Greg Lukianoff, the president of the Foundation for Individual Rights in Education and Ibrahim Hooper, the Communications Director of the Council on American-Islamic Relations squared off over the protest to Bill Maher’s planned commencement address at the University of California-Berkeley on Tuesday’s “NewsNation” on MSNBC.
“We’ve been following this what we call disinvitation season for years, and that’s the attempt by students and faculty members to get speakers they dislike … disinvited from campus because of their views” Lukianoff stated.
Hooper argued, “The key issue here is honoring and endorsing views that are bigoted and hate-filled. When we challenged [Ayaan] Hirsi Ali at Brandeis University, it was because she was being honored by the university, she’s spoken many times around the country spewing anti-Muslim bigotry. We haven’t said a thing. But when a university honors someone that’s when we feel we have the right to stand up and say ‘no I don’t want this person honored. I don’t want their hate-filled views endorsed.’ And that’s the same situation with Bill Maher … when the hate radio host Michael Savage was barred from England because of his views, we said, ‘No, you shouldn’t bar people from a country merely because of their views even if they’re hate-filled and bigoted.’”
Lukianoff countered, “What we’re finding is that students are increasingly coming to believe that they should have freedom from speech as opposed to freedom of speech,” to which Hooper responded “that’s not our position. Our position is if bill was invited by a student group and he wanted to spew his anti-Muslim hate, well, maybe we tell people to go and hand out literature or something like that, but we wouldn’t ask that it be cancelled, but when he is being honored and endorsed by the university itself, that’s when we believe you have the right to say ‘no, not in our name.’”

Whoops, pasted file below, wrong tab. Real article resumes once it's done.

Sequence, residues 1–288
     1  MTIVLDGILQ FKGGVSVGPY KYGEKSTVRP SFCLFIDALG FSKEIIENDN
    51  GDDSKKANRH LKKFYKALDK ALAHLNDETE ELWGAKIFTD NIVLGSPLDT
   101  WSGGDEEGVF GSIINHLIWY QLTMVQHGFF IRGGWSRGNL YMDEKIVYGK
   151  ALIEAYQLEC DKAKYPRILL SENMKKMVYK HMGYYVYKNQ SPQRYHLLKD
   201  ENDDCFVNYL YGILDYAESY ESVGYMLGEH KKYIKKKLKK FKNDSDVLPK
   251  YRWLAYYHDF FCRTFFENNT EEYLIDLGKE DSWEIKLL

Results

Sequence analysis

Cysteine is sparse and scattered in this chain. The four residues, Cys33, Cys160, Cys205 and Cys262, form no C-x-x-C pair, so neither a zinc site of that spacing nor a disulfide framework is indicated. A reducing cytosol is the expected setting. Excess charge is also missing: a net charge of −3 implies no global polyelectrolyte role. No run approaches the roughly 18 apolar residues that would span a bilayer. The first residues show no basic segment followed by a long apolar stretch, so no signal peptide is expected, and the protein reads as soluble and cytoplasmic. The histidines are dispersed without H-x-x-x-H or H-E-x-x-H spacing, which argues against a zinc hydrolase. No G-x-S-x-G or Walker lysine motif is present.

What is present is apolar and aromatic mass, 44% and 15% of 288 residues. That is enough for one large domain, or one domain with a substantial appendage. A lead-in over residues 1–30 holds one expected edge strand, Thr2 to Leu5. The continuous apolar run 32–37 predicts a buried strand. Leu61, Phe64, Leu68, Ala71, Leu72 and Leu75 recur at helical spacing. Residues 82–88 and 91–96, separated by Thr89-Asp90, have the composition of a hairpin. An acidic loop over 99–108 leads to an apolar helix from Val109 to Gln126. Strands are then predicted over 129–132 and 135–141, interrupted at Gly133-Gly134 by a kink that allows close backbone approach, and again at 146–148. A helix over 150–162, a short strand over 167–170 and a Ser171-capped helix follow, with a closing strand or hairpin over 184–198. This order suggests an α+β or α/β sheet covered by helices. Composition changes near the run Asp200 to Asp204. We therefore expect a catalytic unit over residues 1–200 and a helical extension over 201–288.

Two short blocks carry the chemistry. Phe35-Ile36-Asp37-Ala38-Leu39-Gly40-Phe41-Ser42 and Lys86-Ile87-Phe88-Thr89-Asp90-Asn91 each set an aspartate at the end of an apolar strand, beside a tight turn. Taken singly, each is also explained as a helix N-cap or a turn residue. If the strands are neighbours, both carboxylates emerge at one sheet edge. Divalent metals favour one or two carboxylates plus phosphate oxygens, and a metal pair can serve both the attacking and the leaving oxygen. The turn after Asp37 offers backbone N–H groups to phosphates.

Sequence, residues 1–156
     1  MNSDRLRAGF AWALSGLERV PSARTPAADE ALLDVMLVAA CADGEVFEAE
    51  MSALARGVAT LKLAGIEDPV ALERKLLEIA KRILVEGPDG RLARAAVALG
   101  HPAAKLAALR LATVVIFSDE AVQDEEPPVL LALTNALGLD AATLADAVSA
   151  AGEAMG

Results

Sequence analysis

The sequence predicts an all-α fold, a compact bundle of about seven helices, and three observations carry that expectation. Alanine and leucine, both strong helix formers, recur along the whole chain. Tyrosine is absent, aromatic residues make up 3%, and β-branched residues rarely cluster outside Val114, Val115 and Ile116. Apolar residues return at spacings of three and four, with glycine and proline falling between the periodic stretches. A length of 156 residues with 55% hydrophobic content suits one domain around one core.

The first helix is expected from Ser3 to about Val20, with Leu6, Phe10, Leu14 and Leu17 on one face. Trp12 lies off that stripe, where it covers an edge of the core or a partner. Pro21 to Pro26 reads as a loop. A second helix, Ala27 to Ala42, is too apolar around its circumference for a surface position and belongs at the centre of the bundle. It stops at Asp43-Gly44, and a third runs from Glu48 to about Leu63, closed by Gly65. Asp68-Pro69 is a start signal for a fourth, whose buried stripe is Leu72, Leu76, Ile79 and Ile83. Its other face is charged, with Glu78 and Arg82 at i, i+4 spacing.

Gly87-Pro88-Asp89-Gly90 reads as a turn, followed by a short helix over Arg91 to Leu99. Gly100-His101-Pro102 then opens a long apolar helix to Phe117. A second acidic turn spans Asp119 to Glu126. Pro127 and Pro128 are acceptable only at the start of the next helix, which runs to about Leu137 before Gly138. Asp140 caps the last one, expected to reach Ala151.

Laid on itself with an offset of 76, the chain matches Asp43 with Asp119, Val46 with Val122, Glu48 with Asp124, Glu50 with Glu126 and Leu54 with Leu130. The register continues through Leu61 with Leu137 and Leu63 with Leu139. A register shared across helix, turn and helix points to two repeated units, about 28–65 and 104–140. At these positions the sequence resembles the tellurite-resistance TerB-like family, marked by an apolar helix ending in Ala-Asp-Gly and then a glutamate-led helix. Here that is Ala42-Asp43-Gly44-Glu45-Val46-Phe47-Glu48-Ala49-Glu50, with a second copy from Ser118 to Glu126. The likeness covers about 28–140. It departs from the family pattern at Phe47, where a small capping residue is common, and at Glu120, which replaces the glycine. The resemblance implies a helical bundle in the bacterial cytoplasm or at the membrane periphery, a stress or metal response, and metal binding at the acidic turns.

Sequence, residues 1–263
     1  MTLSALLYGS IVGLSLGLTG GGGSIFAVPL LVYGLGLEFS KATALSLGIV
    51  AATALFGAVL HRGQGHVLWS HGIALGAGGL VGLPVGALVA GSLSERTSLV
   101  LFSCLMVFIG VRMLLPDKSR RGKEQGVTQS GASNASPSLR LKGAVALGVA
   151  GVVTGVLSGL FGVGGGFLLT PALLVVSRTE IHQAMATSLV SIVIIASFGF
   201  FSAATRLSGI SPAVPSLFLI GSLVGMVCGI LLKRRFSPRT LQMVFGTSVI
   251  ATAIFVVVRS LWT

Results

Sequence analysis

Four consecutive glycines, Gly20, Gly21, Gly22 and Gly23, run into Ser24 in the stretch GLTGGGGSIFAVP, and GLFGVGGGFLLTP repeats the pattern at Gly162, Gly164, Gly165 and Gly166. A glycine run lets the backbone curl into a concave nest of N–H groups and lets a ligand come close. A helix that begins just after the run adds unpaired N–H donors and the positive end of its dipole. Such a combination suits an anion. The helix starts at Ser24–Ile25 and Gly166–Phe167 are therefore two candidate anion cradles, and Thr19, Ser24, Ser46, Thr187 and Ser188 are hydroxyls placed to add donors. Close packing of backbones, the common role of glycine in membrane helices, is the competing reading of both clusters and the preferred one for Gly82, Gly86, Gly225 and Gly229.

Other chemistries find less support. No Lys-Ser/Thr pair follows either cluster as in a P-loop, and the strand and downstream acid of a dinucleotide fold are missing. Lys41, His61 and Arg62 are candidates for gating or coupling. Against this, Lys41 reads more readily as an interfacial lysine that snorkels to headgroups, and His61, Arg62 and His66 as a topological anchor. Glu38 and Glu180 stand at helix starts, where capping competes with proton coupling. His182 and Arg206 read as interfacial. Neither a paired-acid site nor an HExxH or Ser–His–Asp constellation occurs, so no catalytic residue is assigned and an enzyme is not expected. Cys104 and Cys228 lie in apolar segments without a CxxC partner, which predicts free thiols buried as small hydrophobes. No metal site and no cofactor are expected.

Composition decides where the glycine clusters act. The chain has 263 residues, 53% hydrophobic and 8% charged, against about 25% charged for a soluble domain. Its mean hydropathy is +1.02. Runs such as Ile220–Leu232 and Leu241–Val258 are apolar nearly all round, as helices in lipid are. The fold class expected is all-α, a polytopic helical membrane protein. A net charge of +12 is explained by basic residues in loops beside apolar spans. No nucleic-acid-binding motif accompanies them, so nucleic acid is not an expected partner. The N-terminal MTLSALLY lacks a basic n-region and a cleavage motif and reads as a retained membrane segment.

“You have the right to protest a speaker. My concern is that students and faculty members go first to ‘let’s not have this person speak on campus.’ that’s intelligently unhealthy,” Lukianoff stated, to which Hooper re-iterated that CAIR was only taken issue with Maher being honored by Berkeley.
Lukianoff added, “The fact that people so vehemently disagree with him is all the more reason to hear him out. And this is an art that I feel like is actually being lost on our campuses, where we really should be teaching people to at least hear people out or what they’re going to say before you try to get them kicked off campus.”
Hooper then responded, “So, if they invited the Grand Dragon of the KKK?”
Lukianoff said in amazement, “It’s just amazing in these debates though, how quickly speakers are likened to Hitler and the Grand Dragon of the KKK.”
Hooper then clarified (a clarification host Tamron Hall tried to help him make) that he wasn’t comparing Maher to the KKK, but asking Lukianoff if he thought there were no speakers who should be disinvited.
Lukianoff then answered the question by declaring, “I fully support the right of students to protest and picket outside, but my point is that increasingly we just want people not to speak in the first place, and that’s bad for the marketplace of ideas.”
Hooper then concluded the segment by re-stating his earlier point that he only takes issue with Maher being honored by the campus, saying “that’s not our position. Our position is honoring and endorsing speakers. It should not be, or you should be able to challenge that, honoring [or] an endorsement. They want to speak and spew hate. It’s a free country.”
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